John Schiller, former IRRI agronomist in Laos, passes away
- Published on
By Gene Hettel
Dr. John M. Schiller, 72, passed away in Brisbane, Australia, on Monday (18 December) of suspected heart failure. For the International Rice Research Institute (IRRI), he was the team leader and research programmer of the Lao-IRRI Project for 11 years (1990-2001). He had spent 30 years of his life working in Southeast Asia, primarily in Thailand, Cambodia, and Laos.
In an interview, Dr. Schiller said that, “Ultimately, the basis for successful international development programs is not external funding or expertise, but the political will of the countries to make the programs work.” He went on to say that “The Lao-IRRI Project, supported by the Swiss Agency for Development and Cooperation (SDC), was an excellent example of institutional development and cooperation. The successful building of a strong research and extension system gave Laos a vital tool for feeding its people.”
Dr. Schiller was passionately committed to working with the people of Laos. As the leader of the Lao-IRRI Project, he was assisted by other IRRI scientists in the fields of agronomy, entomology, nutrient management, and genetic resources, but he also worked to develop the capabilities of Lao scientists and technicians for conducting research. He faced a prodigious task to build a national rice research capability in a country where nearly all of the research institutions had disbanded as a result of political changes in the region. In the photo at right, Dr. Schiller confers with Urs Herren, who was an SDC representative for the Lao-IRRI Project.
By 1997-98, much in Laos had changed; the Lao national rice research program was employing 130 people and had been extended to include all 16 provinces of the country and a network of seven research stations. During the decade of the Lao-IRRI Project, Laos dramatically changed the way in which its farmers grew rice. An expansion in the country’s irrigated area allowed it to become self-sufficient in rice production by 2000.
Also during his time in Laos, Dr. Schiller assisted with an SDC-funded biodiversity project. “Germplasm collection activities in the country were absolutely phenomenal,” he said. “From 1995 to 2000, IRRI germplasm collectors and Lao colleagues gathered nearly 14,000 samples of cultivated indigenous rice varieties throughout the country. Unlike many rice germplasm collections, the results of these efforts were immediately used in the country’s rice improvement program.”
To wrap up his time in Laos, Dr. Schiller was the lead editor of a 2006 IRRI-ACIAR book, Rice in Laos, which documents the long association of Laos and its people with rice in historical, cultural, and agricultural contexts. Rice: the fabric of life in Laos is a 2002 IRRI-SDC publication that documents the achievements of the Lao-IRRI partnership during Dr. Schiller’s tenure.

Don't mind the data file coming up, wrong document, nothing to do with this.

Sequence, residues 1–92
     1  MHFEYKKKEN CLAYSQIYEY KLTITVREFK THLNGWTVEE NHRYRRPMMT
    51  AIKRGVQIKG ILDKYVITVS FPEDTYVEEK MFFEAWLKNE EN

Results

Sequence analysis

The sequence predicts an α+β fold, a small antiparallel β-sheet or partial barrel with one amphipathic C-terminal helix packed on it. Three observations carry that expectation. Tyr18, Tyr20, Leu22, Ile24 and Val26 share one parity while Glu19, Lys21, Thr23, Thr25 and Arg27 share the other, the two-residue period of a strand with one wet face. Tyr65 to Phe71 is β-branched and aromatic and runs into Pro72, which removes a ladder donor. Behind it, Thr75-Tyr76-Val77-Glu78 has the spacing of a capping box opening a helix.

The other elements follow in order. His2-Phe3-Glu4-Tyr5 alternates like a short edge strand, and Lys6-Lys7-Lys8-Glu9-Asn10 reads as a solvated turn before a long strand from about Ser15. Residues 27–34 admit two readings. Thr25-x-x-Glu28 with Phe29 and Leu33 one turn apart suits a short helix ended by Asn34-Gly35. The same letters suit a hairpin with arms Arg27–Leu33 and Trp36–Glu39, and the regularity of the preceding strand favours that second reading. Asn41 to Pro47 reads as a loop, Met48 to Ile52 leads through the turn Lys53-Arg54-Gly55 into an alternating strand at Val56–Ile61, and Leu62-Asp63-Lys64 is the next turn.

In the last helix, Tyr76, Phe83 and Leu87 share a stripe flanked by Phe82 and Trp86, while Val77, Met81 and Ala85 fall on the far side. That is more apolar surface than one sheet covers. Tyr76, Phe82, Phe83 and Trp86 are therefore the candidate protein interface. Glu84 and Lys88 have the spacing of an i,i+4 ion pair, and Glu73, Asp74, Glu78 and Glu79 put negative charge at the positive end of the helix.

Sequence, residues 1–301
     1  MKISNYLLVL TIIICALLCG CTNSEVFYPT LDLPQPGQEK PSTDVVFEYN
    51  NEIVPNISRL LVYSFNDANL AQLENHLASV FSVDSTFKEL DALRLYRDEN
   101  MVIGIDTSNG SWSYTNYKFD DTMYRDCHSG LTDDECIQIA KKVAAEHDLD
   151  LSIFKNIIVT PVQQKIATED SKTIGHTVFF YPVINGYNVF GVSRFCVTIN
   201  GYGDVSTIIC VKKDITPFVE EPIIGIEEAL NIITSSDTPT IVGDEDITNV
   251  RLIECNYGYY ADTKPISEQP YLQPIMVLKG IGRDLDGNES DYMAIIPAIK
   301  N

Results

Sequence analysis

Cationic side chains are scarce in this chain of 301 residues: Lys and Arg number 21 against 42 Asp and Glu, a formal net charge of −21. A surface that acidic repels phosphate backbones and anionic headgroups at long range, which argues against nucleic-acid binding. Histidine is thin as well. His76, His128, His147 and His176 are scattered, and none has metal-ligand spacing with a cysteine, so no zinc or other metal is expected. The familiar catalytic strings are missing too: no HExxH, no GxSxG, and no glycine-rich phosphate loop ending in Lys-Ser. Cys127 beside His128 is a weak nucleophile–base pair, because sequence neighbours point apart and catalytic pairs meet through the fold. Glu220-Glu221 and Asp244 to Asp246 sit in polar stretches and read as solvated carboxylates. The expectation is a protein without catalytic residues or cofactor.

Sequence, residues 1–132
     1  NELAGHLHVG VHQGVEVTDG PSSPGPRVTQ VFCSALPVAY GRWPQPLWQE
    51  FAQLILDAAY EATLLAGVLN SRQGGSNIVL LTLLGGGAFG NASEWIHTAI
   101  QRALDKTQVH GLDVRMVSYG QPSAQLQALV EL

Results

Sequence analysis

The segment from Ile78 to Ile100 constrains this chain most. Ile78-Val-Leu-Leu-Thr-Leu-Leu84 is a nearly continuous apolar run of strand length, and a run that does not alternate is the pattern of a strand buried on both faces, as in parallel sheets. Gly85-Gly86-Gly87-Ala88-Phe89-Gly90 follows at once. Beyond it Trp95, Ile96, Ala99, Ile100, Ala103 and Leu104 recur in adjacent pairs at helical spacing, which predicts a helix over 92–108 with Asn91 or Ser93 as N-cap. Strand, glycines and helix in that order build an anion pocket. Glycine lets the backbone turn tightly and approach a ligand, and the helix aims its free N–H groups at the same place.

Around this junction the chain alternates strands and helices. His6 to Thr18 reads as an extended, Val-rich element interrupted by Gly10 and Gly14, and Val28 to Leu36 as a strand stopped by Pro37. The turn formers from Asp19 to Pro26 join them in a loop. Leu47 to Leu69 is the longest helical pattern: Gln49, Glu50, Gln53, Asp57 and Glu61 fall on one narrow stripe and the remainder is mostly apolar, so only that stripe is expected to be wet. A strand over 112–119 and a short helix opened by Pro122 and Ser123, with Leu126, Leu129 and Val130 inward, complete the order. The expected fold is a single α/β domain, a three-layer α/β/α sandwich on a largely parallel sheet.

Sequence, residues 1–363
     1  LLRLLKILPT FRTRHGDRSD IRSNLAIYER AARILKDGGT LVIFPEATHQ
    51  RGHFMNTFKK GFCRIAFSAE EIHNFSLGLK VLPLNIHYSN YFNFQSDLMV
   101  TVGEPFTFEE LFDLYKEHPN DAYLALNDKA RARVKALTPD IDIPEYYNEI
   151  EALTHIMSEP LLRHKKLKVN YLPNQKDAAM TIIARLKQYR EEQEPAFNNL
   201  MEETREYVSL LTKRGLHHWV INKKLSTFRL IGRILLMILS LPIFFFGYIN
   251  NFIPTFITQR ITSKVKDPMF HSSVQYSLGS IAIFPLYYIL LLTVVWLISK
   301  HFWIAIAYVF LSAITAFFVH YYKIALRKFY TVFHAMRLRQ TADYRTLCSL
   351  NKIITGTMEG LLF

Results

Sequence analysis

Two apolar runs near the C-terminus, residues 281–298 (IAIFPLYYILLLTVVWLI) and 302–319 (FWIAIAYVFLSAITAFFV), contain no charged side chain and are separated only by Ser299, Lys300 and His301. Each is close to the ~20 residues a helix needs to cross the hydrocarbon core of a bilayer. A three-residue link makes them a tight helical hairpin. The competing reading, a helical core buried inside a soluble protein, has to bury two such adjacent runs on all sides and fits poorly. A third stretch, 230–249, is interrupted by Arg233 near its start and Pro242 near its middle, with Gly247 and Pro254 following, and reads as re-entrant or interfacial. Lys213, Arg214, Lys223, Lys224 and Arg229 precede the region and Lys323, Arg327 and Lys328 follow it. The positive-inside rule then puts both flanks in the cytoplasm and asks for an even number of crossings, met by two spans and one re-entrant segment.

After departing IRRI in 2001, Dr. Schiller returned to Australia to assist the Australian Center for International Agricultural Research (ACIAR) with its program of research grants, which were made available to persons in research institutions, universities, and NGOs to train agricultural scientists in the developing world. He was also involved in six Crawford Fund training programs in Laos and Cambodia.
His lifelong commitment to building research capacity in Cambodia and Laos led him to conceptualizing and driving programs of research capacity building through the Cambodian Agricultural Research Fund (CARF) and the Lao Agricultural Research Fund (LARF), which together have provided research funding and training opportunities for hundreds of young researchers over the past decade. He also worked with ACIAR to drive the publication of a Lao Agricultural Dictionary, a vital resource for new researchers. He was working on a similar dictionary for Cambodia at the time of his death.
In 2012, the Crawford Fund recognized Dr. Schiller’s tremendous contribution to agricultural R&D by awarding him with the Crawford Fund Medal. Later, The Crawford Fund released a brief interview with him, in which he discussed his work and passion for Asia.
Dr. Schiller earned a B.S. in rural science (1967) and a Ph D in agronomy (1972) from Australia’s University of New England. Early in his career (1975-79), he was team leader and agronomist for the Thai-Australia/World Bank Land Development Project in northern Thailand.
It was during this time that the then young agronomist was photographed with the King of Thailand, H.E. King Bhumibol Adulyadej, when the King was visiting Nan province near the Thai-Chinese border on one of his agricultural development projects. Recently, Sueb Siribanasitt, an artist and long-time friend of Dr. Schiller, immortalized the photo as a painting (see above left).
Most recently, Dr. Schiller was as an honorary senior fellow in the Faculty of Science, School of Agriculture and Food Sciences at the University of Queensland, St. Lucia, Australia.
Dr. Schiller will be greatly missed by many people around the world. Colleagues and friends may send their messages of condolence to: email@example.com
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